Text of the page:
The strength of this novel clearly begins at chapter thirteen when the enforced intimacy of the journey back to the British Army allows Will and Anna to get to know each other, like each other, laugh together, work together to survive, and fall in love. It also gives them, and the reader, heartfelt love scenes. All the while, Fraser manages to evoke time and place and never relinquish the reality of the class divide that separates them or the danger that surrounds them. The final line of chapter thirteen echoes this beautifully, “And outside of this haven of solitude, the world would not allow Anna Arrington, sister of Viscount Selsley, niece to the Earl of Dunmalcolm and heiress to one hundred thousand pounds, to have anything to do with Will Atkins, sergeant and son of an innkeeper. Tonight was all they could have.” This is quite a feat for a début author and Miss Bates is very glad that she didn’t abandon the novel. She is equally glad that Ms Fraser has another two novels in this series that Miss Bates has yet to enjoy and … though she’s sworn off novellas, a soon-to-be-published historical novella centred around an inter-racial couple.
Another strength to this novel, post-chapter-thirteen, are Will and Anna. Will is, at first, too good to be true, too “knight-in-shining-armor.” These are not terribly original qualities in a hero; of course, a hero is strong and honourable, etc., but what won Miss Bates over is Will’s humility. Humility is a rare, but much more interesting, quality in a hero than the usual alpha-male arrogance; Fraser makes Will humble and manly. Will is in awe of Anna, not of her money or title, but her beauty, strength, and resilience. He can’t believe his luck in capturing her heart, but he knows his place and respects the way of the world from which they hail. Anna too is worthy of our admiration; she is everything that Will sees in her and more, for she also loves unconditionally and fiercely and is first to recognize that she and Will, despite their class differences, belong together. Again, Ms Fraser has some trouble letting go of her characters and the end drags, less so than the start, but the insertion of the third “bad guy” definitely makes the novel’s near-end melodramatic. Will and Ann and the reader endure quite a lengthy separation, but Ms Fraser manages to bring our hero and heroine together in a very original way, even while miles apart! Their HEA, when it finally arrives, is convincing, romantic, and poignant. As with the best romance novels, the characters experience growth and their HEA is the well earned result of it.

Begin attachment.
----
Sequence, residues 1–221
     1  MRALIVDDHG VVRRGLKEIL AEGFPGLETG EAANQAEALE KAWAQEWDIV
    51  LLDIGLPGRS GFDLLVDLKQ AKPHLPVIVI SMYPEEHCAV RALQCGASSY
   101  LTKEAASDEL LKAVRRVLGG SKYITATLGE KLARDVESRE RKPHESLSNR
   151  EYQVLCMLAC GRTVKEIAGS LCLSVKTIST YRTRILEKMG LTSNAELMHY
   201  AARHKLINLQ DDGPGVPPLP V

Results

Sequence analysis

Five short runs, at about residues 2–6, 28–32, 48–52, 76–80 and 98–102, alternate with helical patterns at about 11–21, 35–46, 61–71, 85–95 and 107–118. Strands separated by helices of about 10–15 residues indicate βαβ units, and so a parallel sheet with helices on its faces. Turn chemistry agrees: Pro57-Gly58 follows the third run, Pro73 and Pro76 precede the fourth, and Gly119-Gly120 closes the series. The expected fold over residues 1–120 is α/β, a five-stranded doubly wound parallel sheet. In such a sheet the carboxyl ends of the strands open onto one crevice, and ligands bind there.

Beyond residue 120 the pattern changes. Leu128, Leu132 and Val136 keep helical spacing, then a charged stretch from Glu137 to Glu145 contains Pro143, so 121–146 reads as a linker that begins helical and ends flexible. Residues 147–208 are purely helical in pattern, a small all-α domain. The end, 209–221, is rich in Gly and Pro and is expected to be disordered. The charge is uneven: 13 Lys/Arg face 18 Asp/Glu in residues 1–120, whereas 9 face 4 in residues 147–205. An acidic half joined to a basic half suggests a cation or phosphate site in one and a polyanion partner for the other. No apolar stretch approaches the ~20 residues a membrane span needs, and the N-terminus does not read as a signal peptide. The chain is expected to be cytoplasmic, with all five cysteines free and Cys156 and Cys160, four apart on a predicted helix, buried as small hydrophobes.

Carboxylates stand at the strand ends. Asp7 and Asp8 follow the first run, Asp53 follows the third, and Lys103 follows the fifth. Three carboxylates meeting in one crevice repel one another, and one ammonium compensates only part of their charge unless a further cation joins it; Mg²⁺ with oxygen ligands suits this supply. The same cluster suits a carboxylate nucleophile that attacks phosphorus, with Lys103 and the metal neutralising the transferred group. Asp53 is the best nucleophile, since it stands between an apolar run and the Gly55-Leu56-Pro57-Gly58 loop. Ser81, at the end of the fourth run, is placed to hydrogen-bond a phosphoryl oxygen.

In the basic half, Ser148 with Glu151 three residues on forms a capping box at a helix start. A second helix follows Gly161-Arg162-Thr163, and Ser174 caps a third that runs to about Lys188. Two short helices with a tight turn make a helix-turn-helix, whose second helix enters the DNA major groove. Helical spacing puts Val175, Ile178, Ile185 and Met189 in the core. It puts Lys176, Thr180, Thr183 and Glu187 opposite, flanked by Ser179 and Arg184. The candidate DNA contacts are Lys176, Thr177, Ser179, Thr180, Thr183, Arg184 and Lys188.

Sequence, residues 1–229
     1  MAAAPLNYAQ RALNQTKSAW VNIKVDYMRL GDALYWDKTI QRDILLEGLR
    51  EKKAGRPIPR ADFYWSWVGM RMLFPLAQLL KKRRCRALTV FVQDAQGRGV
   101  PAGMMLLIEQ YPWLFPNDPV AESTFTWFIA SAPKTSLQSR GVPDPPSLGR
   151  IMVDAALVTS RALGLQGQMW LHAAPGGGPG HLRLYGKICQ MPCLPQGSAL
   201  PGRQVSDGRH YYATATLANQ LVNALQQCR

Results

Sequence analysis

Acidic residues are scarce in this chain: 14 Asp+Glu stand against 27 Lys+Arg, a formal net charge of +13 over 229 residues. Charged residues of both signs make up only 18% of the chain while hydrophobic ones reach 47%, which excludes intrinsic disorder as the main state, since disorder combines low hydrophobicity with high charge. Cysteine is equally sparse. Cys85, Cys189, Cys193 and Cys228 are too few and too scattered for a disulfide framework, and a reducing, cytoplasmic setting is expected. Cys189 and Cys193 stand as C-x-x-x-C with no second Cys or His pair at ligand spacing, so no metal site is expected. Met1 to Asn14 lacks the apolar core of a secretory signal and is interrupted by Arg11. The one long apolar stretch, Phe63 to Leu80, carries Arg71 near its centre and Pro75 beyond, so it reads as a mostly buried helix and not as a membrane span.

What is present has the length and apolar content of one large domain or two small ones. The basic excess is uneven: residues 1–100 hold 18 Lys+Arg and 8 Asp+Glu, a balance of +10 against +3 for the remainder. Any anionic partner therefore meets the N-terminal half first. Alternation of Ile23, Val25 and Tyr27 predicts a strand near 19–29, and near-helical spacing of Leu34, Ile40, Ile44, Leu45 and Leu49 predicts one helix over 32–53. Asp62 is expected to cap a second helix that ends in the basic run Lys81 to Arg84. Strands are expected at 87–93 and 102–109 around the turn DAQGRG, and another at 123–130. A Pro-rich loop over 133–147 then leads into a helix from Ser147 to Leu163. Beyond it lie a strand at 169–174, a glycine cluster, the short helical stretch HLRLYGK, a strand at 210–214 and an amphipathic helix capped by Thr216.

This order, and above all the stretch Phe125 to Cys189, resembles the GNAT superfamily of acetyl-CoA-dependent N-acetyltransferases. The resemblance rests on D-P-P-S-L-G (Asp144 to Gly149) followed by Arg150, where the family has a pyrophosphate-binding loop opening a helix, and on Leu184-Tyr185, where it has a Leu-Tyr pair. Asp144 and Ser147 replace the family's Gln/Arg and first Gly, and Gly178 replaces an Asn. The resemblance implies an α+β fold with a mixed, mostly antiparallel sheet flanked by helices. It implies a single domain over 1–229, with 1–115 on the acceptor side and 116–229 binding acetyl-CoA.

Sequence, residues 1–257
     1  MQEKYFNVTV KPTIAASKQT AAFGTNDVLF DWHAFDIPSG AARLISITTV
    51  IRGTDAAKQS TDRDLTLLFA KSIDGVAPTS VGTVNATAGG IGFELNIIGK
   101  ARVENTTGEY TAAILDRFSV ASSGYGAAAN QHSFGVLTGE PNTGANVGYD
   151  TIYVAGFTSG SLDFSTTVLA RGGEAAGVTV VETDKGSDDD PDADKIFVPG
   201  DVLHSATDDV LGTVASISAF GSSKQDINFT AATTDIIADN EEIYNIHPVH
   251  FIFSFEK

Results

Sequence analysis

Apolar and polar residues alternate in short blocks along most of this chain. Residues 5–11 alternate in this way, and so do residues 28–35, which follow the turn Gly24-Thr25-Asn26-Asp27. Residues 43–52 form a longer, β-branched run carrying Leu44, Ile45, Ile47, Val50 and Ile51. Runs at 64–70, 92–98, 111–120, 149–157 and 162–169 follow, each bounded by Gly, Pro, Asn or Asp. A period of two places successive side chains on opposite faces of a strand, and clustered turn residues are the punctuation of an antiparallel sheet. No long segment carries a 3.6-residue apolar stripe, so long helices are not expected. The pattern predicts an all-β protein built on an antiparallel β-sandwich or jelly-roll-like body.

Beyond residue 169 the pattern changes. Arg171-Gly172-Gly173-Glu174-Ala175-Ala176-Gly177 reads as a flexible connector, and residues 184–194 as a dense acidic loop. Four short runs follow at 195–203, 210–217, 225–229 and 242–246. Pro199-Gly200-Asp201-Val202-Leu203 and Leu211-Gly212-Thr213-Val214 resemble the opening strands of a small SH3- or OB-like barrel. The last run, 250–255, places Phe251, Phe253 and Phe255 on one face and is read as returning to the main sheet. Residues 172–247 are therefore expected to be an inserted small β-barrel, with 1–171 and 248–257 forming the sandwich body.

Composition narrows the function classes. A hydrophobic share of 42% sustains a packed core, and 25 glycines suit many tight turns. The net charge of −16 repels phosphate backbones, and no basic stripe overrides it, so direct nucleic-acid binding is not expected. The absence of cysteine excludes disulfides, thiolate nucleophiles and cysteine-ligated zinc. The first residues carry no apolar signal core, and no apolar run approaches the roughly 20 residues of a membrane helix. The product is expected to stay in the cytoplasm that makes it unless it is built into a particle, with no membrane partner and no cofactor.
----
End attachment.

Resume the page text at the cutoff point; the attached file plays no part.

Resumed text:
Though bumpy in places, Miss Bates came to have affection and respect for this romance novel. Will and Anna are eminently loveable, the history and romance very nicely balanced, the hero and heroine products of their time and place but still individuals, and the happy-ever-after bespeaks of shared love, family, and adventure.
Miss Bates is quite content with her read and endows Ms Fraser and her début with being, “almost pretty.” Northanger Abbey
The Sergeant’s Lady is available digitally at the usual places. It was published by Carina Press in 2010.